At least half of all women in Australia have experienced sexual harassment, abuse or violence. That’s 1 in 2 that has been sexually harassed, 1 in 3 that has been physically abused and 1 in 5 that has been sexually abused. Let that sink in. With #FiredUp, Refinery29 Australia makes an ongoing commitment to spotlighting this serious and pervasive issue with the goal of dismantling gendered violence in Australia.
December is here, and for the Northern Territory Working Women's Centre (NTWWC), some very important decisions are looming.
The free frontline service – which provides NT-based women with support and advice on work-related matters including underpayment, wage theft, parental leave, bullying and workplace sexual harassment and assault – had its core federal funding taken away in December 2020 and has been campaigning to secure permanent government funding by the end of this year to avoid closing its doors.
In March 2020, the Australian Human Rights Commission released 55 recommendations in its Respect@Work report (based on a national inquiry into sexual harassment in Australian workplaces) led by Sex Discrimination Commissioner, Kate Jenkins, that would see Australia “reclaim its position as leaders in tackling sexual harassment, provide employers with the guidance they need and victims the support and redress they deserve.”
Of the recommendations, number 49 referred to working women's centres, stating: "Australian governments provide increased and recurrent funding to working women’s centres to provide information, advice and assistance to vulnerable workers who experience sexual harassment, taking into account particular needs of workers facing intersectional discrimination. Australian governments should consider establishing or re-establishing working women’s centres in jurisdictions where they do not currently exist." Currently, there are only WWCs in South Australia, the Northern Territory and Queensland after NSW closed down in 2005, and Tasmania shut its doors a year later.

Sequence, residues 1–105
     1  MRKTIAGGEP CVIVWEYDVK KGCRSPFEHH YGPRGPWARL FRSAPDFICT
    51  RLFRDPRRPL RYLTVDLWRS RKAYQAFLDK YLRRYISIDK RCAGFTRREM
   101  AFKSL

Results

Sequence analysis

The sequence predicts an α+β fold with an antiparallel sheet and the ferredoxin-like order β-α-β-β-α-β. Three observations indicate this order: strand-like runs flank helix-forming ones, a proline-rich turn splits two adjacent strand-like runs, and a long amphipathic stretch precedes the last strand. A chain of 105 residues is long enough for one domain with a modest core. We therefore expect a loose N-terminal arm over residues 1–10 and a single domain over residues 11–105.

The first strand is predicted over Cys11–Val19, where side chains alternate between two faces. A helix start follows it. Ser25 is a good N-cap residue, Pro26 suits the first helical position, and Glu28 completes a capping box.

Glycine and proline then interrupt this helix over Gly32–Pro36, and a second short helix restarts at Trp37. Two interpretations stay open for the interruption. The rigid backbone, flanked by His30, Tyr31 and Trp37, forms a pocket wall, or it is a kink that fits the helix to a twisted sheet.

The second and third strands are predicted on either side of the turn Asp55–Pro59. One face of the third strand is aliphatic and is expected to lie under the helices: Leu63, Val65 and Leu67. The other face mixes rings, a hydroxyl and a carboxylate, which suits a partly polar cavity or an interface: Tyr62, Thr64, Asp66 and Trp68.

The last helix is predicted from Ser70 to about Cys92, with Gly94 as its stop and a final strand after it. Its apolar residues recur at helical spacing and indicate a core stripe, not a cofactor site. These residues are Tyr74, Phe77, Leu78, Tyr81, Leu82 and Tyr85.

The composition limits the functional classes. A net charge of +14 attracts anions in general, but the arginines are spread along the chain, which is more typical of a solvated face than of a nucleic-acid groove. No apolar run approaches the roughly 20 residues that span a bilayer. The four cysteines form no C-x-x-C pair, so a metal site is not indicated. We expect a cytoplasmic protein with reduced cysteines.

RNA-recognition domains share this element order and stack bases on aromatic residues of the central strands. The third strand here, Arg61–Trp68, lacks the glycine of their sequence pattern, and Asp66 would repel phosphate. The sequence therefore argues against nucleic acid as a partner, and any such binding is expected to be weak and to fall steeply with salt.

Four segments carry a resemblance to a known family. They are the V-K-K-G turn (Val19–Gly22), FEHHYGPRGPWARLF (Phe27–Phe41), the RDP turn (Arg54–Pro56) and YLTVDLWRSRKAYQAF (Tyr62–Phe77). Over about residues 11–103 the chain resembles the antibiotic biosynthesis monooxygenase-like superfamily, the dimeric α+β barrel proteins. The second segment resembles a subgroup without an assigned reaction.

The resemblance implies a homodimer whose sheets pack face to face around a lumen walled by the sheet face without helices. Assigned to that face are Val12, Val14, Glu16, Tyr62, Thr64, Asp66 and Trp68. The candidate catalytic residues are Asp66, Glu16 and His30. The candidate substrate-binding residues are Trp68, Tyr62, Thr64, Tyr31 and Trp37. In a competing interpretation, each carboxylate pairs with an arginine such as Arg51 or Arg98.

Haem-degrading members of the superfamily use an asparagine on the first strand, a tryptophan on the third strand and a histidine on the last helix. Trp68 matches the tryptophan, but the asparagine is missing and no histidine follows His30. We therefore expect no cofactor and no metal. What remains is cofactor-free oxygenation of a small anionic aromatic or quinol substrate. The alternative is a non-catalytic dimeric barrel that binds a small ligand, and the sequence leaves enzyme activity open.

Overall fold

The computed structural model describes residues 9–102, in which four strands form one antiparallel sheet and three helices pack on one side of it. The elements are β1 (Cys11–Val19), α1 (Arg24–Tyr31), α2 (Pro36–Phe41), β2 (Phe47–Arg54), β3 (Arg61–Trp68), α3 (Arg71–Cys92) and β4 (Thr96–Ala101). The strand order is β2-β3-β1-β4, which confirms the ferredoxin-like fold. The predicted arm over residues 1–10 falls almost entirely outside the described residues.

In May this year, the federal budget pledged $3.4 billion to support women, but only $200,000 was allocated to split between the NTWWC and its Queenslander counterpart, the QLD WWC. This was not enough.
In FY21, NTWWC had 3,470 contacts with women — a 29.6% increase from the previous year, as well as a seven-fold increase in the number of sexual harassment matters. Something needed to be done.
Nicki Petrou, the director of the NTWWC, told Refinery29 Australia in August that the NT government gives the centre $200,000 a year, but another $700,000 annually was needed to keep it open. If the federal government didn't commit to this funding by the end of the year, she feared being forced to make staff cuts and potentially closing doors come December.
As part of Refinery29 Australia’s Fired Up initiative, we launched a petition in August to urgently alert the House Of Representatives to this issue. Our petition was approved by the House of Representatives petition committee, it asked the House to allocate $700,000 per year of federal funds to NTWWC so it can remain operational and continue providing this vital service to some of Australia’s most vulnerable women.
Many of you signed the petition, and we landed it on the radar of important changemakers in Australian politics, including NT Labor MP, Luke Gosling who presented it to the House of Representatives in mid-October.
From there it was referred to the Minister for Women's Economic Security, Senator Jane Hume. Under the petition requirements, ministers have 90 days from presentation in the House to respond to a petition so we're hoping for a response from her by mid-January. We'll keep you updated!
But where does this leave the NTWWC now that we have reached the final month of the year? The service still doesn't have an ongoing funding commitment from the federal government, however, fortunately, some emergency provisions have been made to allow doors to remain open.
The reality is the systemic and cultural issue of workplace sexual harassment won't be stamped out in a month or two and emergency provisions are not a sustainable funding model for an essential service accessed by so many women in critical need.
The NTWWC has said important decisions will need to be made come 2022, but between now and us receiving a ministerial response to the petition, we can all continue to put pressure on the government to commit to urgent funding and the implementation of Recommendation 49.
The centre has listed NT and Federal members of parliament you can write to using the letter format guide on their website. You can also advocate your support on social media using the hashtag #FundtheNTWWC.
"It is not too late to support us," the NTWWC wrote on its Facebook page. They're right, it's not too late indeed.